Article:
Buses ferried dozens of weary-looking evacuees, accompanied by the
Syrian Arab Red Crescent, to a meeting point outside Homs where aid
workers, soldiers and police were gathered. The World Food Programme
said many appeared malnourished.
"They were living on leaves and grass and olives and whatever they
could find," WFP spokeswoman Elisabeth Byrs said.
The long awaited move was meant to have been a relatively
straightforward opening step in the peace talks, which resume on
Monday in Geneva with little prospect of resolving core grievances
of a conflict which has killed 130,000 people.
It marked the start of a planned three-day humanitarian ceasefire,
but even as it took place, activists said they feared for the fate
of both evacuees and those left behind.
Under the Homs deal, women, children and old men were allowed to
leave the Old City, which has been cut off by President Bashar
al-Assad's forces, while humanitarian supplies will be allowed in to
those who remain.
"The United Nations can confirm that 83 people were evacuated from
Old Homs City today," said U.N. spokesman Farhan Haq. "The people — women, children and the elderly — were then delivered to places of
their choice, escorted by United Nations and Syrian Arab Red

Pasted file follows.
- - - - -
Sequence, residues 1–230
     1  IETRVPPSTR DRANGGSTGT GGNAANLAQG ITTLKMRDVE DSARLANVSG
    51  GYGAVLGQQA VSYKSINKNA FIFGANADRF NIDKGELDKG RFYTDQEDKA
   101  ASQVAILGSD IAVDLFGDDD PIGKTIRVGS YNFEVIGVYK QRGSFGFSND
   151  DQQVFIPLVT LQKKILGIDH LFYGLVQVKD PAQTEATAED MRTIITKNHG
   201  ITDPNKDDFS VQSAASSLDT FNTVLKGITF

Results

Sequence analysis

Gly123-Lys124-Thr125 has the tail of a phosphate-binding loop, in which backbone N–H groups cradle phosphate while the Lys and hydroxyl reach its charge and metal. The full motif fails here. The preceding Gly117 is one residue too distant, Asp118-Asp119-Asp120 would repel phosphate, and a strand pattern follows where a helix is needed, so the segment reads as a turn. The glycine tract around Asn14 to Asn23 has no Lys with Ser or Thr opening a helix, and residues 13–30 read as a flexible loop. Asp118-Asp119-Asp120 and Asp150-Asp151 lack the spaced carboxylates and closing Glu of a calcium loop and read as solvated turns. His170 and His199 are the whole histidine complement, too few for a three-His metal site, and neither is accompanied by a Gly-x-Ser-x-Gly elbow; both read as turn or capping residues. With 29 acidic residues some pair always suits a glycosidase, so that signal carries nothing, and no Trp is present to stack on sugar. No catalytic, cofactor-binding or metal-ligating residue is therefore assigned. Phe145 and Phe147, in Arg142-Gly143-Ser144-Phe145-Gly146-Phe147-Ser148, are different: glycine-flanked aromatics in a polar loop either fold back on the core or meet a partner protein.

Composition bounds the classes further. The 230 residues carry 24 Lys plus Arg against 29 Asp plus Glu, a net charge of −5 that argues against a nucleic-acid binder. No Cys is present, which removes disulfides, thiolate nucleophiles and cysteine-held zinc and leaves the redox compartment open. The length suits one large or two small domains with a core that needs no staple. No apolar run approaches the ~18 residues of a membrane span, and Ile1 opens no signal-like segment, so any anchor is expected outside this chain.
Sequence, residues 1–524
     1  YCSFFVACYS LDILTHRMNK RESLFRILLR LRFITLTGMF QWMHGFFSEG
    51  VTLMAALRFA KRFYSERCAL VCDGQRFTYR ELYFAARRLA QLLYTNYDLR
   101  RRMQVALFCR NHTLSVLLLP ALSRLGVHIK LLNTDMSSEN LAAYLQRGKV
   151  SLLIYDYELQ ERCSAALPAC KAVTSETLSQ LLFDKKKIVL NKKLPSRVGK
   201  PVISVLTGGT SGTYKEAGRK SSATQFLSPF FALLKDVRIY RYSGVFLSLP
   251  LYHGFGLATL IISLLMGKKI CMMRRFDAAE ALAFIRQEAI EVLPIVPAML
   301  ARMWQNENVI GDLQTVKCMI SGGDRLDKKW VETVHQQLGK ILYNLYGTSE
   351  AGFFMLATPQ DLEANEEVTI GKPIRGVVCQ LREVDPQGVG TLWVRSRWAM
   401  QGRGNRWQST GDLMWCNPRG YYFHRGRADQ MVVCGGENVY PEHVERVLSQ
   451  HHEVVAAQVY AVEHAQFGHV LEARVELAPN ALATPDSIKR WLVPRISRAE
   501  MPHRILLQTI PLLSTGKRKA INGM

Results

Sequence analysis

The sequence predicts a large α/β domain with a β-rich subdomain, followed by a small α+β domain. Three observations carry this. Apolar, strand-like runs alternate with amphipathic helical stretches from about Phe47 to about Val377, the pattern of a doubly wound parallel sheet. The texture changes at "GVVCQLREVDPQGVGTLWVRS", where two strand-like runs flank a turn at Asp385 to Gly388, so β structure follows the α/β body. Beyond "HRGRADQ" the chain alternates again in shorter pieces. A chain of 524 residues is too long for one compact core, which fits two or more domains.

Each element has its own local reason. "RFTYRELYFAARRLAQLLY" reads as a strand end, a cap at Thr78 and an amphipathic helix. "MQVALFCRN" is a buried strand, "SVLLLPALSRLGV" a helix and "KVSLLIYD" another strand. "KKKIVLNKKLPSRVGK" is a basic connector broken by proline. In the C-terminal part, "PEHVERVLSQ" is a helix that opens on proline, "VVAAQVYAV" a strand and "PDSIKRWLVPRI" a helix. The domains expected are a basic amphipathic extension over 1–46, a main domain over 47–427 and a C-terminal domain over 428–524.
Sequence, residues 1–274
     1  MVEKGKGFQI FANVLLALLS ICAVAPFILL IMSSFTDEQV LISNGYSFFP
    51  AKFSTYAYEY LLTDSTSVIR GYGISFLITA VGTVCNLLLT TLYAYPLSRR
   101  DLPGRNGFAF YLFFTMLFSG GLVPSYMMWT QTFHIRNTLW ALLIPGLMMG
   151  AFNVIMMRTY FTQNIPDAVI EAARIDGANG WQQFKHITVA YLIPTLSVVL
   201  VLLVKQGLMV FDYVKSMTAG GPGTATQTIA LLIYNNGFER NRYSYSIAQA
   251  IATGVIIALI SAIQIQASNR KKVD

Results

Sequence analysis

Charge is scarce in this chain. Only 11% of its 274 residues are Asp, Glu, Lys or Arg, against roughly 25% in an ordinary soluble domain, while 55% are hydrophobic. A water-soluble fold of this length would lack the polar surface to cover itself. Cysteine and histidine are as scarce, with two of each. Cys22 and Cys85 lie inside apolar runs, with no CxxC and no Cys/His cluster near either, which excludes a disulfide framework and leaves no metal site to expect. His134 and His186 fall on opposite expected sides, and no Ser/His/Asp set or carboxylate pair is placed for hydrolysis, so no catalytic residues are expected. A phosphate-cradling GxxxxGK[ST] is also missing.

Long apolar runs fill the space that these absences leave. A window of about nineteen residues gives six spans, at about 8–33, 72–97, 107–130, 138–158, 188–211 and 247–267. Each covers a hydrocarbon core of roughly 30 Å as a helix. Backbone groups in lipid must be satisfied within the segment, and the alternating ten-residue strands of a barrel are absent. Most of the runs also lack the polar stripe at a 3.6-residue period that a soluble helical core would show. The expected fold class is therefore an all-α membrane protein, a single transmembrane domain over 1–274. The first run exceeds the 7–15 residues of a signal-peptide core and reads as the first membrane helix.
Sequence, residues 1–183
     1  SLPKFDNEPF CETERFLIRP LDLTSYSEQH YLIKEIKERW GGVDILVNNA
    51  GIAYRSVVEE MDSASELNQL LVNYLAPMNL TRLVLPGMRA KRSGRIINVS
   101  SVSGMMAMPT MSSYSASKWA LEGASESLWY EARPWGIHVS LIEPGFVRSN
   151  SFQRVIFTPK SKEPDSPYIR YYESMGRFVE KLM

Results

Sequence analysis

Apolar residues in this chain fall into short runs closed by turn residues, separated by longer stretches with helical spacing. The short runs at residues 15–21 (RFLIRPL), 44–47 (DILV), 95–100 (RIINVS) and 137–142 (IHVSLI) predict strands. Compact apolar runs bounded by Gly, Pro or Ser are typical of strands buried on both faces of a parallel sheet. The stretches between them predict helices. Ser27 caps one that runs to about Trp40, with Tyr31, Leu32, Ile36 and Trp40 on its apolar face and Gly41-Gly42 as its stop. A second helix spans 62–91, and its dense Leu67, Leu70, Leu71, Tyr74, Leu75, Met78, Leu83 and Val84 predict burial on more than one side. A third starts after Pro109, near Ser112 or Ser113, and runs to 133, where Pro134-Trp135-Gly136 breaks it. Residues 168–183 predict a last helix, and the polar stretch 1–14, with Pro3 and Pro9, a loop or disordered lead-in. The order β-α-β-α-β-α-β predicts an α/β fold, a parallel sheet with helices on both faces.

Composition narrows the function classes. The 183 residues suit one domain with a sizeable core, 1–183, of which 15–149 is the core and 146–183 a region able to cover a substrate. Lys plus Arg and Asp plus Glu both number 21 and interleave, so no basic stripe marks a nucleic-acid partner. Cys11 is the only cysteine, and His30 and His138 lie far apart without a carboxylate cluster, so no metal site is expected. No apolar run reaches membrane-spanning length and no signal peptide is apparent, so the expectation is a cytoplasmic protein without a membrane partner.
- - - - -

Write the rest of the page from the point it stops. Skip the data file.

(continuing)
It was the first time the Red Crescent had gained access to the
center of Homs since the siege began, the aid agency said.
The WFP said it had trucks ready to take a month's supply of food on
Saturday to an estimated 2,500 people trapped in the rebel-held
heart of the city.
"There are signs of malnutrition, for some of them it is very
obvious," Byrs said. "Some said they have not eaten bread for five
Russia said a three-day ceasefire had been agreed in the city, which
was one of the first areas to erupt in protest against Assad nearly
three years ago and where street after street has been destroyed in
heavy fighting between Assad's forces and rebels seeking his
Syrian authorities had announced that evacuees would be given
medical treatment and shelter, and that residents of Old Homs who
prefer to remain will be sent humanitarian aid.
Moscow, which has supported and armed Assad throughout the civil
war, hailed the Homs deal as a "landmark agreement",.
Western officials gave a skeptical response, saying Syria had an
unconditional obligation to civilians trapped by conflict and
arguing the issue should not have required weeks of negotiation to
allow aid to enter.
"The regime should let the humanitarian convoy in. Then the
population should decide to stay or leave," said Jon Wilks,
Britain's special representative for Syria.
Rebels have rejected similar offers to evacuate women and children
in the past because of concerns about what might happen to any men,
including fighters, who are left behind. Dozens of men were detained
and disappeared after a similar deal made last year in Mouadamiya,
west of Damascus.
AILING CIVILIANS REMAIN
There were differing reports about where the evacuees were headed.
An activist in the Old City of Homs said they were being taken to
Al-Waar — a neighborhood on the north-western edge of Homs where
many of the city's Sunni population have already fled.
"We are very concerned that some of the people who will arrive in
Waar today will be arrested by the regime later," Hassan Abuzain
said by Skype.